DC Examiner - Health officials say hospitals in the Washington region are expecting to see up to 60,000 patients over the four-day inaugural festivities -- roughly double the number of patients they would normally treat. But that projection doesn't take into account a possible catastrophe or an unexpected outbreak.

"If the question is 'Is there a large amount of surge capability built in to hospitals?' The answer is no," said Dr. Eric Glasser, a physician at Georgetown University Hospital and president of the D.C. chapter of the American College of Emergency Physicians. "Can we make it work for a short period of time? Yes."

Emergency rooms close to the Capitol will take the surge in patients with life-threatening emergencies like heart attacks, premature births and appendicitis, but officials are still working out details of a plan to ensure mobility of ambulances, which will be hampered by large crowds and closed roads.

Even Baltimore hospitals "are expecting a surge of patients," Michael Schwartzberg, spokesman for the Greater Baltimore Medical Center, said. Hospitals will be ready for everything from sprained ankles to the possibility of an outbreak of the norovirus. The nasty bug responsible for severe stomach and intestinal problems travels quickly in crowds and has recently shown up at big events in North Carolina and Minnesota.

Washington's already busy jails also will be under special stress. On a typical day, more than 1,900 of the 2,164 available spots in D.C. corrections facilities are filled. If even a small fraction of the Obama celebrants run afoul of the law, it could push jails beyond their limits.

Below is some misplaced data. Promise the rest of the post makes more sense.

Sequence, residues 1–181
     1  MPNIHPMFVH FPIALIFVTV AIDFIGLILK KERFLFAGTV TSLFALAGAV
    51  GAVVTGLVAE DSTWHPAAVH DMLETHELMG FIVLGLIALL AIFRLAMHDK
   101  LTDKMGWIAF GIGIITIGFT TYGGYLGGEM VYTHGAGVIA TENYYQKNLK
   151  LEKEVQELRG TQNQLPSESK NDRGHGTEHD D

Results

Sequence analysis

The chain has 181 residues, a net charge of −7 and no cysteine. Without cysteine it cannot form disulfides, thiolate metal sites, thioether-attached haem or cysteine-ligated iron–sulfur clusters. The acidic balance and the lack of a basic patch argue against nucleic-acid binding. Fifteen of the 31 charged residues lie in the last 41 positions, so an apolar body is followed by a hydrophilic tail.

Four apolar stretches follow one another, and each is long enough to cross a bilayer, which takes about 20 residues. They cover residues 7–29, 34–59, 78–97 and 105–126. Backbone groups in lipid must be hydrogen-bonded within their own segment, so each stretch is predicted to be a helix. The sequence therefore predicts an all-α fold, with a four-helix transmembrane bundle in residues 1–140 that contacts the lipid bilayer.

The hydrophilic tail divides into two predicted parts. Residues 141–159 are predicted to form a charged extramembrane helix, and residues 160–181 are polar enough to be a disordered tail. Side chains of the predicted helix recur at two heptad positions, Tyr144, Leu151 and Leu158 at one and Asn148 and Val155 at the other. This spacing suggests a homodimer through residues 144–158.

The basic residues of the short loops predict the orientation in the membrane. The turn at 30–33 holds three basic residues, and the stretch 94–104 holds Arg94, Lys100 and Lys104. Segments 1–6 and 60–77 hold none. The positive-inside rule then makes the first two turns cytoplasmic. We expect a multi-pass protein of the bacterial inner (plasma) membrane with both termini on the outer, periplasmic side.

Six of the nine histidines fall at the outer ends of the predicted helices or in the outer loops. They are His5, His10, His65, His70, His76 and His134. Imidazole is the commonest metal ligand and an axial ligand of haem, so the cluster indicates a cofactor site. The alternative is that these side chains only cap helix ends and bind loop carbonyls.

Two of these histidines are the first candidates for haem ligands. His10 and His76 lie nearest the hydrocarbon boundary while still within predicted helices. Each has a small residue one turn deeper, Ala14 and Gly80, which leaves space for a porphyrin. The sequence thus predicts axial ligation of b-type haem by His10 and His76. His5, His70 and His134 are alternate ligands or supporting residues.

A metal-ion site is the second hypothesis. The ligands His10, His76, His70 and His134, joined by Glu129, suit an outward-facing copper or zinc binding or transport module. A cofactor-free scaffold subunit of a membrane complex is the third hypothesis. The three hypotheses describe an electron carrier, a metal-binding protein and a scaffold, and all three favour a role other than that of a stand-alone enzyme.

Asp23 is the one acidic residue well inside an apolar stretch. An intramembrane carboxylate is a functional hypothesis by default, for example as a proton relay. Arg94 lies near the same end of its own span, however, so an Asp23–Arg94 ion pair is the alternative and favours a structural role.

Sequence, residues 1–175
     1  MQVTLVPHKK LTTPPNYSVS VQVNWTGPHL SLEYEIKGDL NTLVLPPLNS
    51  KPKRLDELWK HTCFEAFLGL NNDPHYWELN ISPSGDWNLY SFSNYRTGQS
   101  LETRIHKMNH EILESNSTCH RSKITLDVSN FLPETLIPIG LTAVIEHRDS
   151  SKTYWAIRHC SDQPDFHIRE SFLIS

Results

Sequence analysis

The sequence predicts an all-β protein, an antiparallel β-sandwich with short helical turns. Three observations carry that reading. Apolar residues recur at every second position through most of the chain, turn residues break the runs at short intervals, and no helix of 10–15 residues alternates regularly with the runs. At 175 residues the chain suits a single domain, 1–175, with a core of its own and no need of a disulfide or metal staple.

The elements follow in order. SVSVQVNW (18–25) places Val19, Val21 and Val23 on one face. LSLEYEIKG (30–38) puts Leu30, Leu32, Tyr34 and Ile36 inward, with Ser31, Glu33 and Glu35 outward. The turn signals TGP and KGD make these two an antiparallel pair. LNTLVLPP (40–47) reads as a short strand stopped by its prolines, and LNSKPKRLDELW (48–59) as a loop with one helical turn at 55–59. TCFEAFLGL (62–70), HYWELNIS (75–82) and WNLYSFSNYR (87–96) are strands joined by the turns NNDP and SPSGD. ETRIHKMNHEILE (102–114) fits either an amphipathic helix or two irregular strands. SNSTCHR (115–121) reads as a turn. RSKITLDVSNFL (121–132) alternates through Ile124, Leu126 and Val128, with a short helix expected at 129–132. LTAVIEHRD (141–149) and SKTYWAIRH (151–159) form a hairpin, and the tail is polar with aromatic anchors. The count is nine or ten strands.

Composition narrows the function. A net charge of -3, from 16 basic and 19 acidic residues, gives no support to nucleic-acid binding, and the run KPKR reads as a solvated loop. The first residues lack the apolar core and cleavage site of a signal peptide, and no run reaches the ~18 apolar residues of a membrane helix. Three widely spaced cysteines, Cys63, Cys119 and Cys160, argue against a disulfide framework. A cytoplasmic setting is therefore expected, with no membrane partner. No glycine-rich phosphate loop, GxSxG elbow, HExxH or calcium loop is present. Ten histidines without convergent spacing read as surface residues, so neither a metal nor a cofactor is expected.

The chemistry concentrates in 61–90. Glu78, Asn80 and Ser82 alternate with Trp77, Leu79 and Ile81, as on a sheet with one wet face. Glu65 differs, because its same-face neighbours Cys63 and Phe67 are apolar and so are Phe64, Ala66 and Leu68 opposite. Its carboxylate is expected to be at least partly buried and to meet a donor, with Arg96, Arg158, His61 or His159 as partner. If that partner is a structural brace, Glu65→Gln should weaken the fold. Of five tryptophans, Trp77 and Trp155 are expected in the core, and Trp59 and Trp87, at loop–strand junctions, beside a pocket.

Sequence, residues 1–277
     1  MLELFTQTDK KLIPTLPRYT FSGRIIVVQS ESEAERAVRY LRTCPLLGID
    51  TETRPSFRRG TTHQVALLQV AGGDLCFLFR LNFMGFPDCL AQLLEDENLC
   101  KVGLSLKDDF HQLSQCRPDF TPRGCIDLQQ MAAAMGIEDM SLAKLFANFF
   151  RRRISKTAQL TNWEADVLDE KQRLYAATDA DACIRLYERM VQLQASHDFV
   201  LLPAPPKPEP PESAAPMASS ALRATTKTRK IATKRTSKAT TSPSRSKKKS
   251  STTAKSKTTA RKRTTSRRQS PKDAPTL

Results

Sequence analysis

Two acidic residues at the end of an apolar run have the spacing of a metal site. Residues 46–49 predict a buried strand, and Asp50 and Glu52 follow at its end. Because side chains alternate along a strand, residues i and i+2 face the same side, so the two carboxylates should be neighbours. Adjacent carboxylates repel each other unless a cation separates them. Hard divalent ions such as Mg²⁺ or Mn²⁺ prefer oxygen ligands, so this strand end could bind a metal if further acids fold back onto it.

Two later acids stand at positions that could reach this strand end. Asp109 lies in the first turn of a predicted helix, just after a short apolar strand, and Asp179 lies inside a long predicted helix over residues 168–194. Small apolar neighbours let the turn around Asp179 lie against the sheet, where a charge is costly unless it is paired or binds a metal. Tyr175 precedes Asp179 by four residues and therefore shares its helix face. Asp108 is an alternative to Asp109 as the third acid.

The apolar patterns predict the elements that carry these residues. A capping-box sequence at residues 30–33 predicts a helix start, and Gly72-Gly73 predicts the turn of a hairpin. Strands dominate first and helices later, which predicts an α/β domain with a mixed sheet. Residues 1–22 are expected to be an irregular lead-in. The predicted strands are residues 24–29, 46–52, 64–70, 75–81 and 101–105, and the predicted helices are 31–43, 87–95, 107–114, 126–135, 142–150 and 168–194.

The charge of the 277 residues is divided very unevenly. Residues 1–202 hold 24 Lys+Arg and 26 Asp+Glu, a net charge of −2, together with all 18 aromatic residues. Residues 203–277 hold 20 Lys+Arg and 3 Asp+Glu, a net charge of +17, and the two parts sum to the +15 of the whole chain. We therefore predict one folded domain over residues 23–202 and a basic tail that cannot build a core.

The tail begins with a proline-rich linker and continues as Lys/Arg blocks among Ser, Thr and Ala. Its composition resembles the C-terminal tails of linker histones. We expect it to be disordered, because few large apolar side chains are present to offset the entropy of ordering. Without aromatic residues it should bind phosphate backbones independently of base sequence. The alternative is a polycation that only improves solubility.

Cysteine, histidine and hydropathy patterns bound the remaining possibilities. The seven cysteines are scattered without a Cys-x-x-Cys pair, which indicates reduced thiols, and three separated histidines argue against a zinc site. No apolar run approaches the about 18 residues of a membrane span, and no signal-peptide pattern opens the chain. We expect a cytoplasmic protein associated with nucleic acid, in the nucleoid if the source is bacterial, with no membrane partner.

This year a 12-hour racetrack event in Sebring, Fla., saw 68 arrests out of 170,000 people. In D.C., the crowds will likely be multiplied at least tenfold. And with bars and nightclubs open until 4 a.m. and protesters expected to descend on the city, officials are worried about handling the surge.

"The biggest mistake anyone is making is encouraging record-breaking crowds to come to Washington," said Paul Wertheimer, principal consultant at Los Angeles-based Crowd Management Strategies.

"They're pushing the envelope too much," he said. "They can't manage the kinds of crowds they are saying might occur."

In 1999, the Woodstock music festival had about 250,000 people, Wertheimer said, with 2,000 toilets and 2,800 police and unarmed guards. Inaugural planners announced that for potentially 2 million people along the National Mall, there will be about 5,000 toilets and 2,300 police and National Guardsmen.

"And people who think that happy crowds are problem-free crowds don't understand what dangers are and how they develop," Wertheimer said, explaining that most assassinations have occurred among happy crowds, and that happy crowds don't deter terrorists.


At December 22, 2008 4:04 PM, Anonymous Mairead said...

Mercy me. With all those restrictions, you'd think Obama fears "We the People".

At December 22, 2008 10:34 PM, Anonymous Anonymous said...

Considering the way some of those 'we the people' have reacted to Mrs. Palin's little speeches, he'd be pretty damned stupid if he didn't. If you genuinely think that a Black President is not at extremely high risk of getting his head blown off at his inauguration, or at just about any other time during his term in this really racially enlightened nation of ours, you're dumber than I thought.

At December 23, 2008 7:46 AM, Anonymous Mairead said...